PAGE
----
Sunday, February 21, 2010

Food Labels, Generation Two

When I was president of the Society for Technical Communication, I gave the President’s Award to the US Food and Drug Administration for their food labels. I thought then--and continue to believe now--it is one of the most incredible feats of technical communication ever pulled off. The FDA managed to develop a clear, consistent means of informing consumers what’s in their food.

One of the significant accomplishments was bringing consistency and order to what was once an open frontier on food labeling, which caused more confusion than clarification. They standardized portion sizes, so companies like Ben & Jerry’s—who load their ice cream with fat—couldn’t make it look lighter by reducing the portion size. They also standardized terminology, providing clear definitions for light, fat-free, and other reduced calorie foods.

This was no easy task, given all of the different parties with differing interests involved. But the FDA prevailed and the public interest was served.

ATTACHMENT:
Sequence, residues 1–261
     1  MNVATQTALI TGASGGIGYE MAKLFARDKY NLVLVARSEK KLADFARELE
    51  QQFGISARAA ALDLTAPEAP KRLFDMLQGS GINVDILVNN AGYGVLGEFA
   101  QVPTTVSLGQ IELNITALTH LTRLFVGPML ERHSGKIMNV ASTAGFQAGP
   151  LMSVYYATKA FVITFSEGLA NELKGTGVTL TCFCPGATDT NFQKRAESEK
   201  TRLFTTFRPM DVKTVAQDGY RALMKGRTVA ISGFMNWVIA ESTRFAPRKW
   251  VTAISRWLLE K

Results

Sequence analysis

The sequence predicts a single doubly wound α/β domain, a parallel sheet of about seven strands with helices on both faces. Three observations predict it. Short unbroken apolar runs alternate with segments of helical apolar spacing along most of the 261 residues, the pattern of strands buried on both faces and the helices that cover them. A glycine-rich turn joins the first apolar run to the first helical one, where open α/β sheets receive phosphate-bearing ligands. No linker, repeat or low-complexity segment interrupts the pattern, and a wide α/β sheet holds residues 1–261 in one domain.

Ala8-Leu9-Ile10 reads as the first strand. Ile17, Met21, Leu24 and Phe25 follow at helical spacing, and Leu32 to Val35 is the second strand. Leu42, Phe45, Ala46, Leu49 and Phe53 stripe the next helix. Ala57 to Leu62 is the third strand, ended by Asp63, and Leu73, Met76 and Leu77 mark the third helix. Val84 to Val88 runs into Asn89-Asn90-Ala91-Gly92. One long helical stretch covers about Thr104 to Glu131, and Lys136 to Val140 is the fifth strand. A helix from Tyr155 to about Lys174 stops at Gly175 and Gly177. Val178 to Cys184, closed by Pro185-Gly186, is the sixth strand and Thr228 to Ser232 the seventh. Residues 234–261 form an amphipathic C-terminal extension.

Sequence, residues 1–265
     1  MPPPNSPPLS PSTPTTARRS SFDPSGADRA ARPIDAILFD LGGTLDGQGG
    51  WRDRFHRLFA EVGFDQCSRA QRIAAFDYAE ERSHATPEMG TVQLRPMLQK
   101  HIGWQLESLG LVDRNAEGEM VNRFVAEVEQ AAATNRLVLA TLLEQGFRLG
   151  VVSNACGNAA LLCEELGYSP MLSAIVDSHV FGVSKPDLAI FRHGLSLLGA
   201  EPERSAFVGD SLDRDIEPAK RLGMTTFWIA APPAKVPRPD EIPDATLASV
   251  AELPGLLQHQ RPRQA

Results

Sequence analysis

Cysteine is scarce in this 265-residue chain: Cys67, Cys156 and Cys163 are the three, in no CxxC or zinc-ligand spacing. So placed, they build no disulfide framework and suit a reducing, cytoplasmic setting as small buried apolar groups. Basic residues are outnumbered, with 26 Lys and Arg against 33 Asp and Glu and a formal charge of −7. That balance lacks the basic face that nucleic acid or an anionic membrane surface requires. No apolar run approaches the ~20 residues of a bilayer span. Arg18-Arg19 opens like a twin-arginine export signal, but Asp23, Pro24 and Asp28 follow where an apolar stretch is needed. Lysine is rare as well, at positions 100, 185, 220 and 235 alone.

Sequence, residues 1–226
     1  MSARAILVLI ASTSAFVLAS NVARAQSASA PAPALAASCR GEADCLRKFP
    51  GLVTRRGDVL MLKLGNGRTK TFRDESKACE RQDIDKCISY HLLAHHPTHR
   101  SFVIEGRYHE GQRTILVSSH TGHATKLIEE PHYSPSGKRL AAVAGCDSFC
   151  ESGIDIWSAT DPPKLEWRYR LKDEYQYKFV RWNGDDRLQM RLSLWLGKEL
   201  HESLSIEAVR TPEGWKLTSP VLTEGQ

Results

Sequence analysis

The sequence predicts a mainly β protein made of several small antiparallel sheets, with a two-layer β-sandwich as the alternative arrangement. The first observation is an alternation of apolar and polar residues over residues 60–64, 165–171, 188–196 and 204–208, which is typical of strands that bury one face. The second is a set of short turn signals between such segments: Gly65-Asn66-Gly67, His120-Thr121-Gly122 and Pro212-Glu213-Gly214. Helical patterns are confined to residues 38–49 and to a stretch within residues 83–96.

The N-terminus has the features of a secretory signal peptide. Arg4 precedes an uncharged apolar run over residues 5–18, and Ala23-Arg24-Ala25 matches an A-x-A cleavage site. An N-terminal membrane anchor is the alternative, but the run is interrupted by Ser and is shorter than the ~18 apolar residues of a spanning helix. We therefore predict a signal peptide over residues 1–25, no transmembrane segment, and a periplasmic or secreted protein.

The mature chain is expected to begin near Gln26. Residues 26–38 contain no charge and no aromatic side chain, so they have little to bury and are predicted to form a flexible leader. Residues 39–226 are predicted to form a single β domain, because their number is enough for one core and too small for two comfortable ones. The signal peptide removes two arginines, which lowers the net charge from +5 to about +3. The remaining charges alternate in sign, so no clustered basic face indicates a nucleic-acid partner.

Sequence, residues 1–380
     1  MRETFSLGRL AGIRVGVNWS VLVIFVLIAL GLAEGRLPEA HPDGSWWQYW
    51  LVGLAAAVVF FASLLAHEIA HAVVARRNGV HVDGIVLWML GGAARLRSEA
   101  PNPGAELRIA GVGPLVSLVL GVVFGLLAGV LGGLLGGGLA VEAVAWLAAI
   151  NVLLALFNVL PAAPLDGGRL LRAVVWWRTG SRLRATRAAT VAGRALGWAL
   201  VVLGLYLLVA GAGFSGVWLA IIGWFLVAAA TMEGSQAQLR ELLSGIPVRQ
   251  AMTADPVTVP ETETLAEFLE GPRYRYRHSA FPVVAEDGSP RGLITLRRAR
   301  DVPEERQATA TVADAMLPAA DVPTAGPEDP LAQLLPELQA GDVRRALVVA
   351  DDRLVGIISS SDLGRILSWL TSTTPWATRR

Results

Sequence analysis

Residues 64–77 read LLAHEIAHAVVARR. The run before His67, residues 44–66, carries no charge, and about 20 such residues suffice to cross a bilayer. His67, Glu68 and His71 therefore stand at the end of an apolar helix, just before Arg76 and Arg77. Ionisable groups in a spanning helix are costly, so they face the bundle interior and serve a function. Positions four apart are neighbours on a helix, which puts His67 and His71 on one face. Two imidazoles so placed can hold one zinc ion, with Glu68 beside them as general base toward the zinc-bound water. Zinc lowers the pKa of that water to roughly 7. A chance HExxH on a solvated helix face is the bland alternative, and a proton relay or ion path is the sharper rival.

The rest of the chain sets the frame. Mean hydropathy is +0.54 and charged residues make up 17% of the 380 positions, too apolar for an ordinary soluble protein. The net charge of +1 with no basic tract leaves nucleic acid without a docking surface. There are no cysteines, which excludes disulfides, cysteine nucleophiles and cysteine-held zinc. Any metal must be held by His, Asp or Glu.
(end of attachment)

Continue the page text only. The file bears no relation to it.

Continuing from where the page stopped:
Now, the FDA is addressing the next generation of issues. Portion sizes mentioned on labels are purposely kept small because they look less offensive, even though the sizes are not reflective of what people eat. Well it seems that the FDA is getting the message and is about to re-define portion sizes again, making them more reflective of what people actually eat in a portion. Like half a pint of Ben and Jerry’s instead of a quarter. (OK—I made that one up; besides, don’t most people eat the whole pint?)

For more, see Wiliam Neuman’s article from the February 5 issue of the New York Times at


Susan Burton said...

I had no idea that you and STC had been involved in this important effort. A good friend of mine in the 1980s worked on the Hill and was diligently trying to get food labeling passed (because he had almost died as a baby--he was allergic to something like 99 of the 100 most common allergens. I have my sensitivities so this is a very personal issue for me. Thank you for your contribution!

Saul Carliner said...

All I did was acknowledge the work that the FDA had done. I still think it's one of the most significant pieces of technical communication.